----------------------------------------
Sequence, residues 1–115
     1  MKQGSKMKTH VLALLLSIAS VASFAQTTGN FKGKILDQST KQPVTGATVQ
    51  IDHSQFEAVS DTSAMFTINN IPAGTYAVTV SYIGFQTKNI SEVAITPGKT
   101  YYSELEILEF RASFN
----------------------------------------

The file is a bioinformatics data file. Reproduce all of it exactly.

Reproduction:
Sequence, residues 1–115
     1  MKQGSKMKTH VLALLLSIAS VASFAQTTGN FKGKILDQST KQPVTGATVQ
    51  IDHSQFEAVS DTSAMFTINN IPAGTYAVTV SYIGFQTKNI SEVAITPGKT
   101  YYSELEILEF RASFN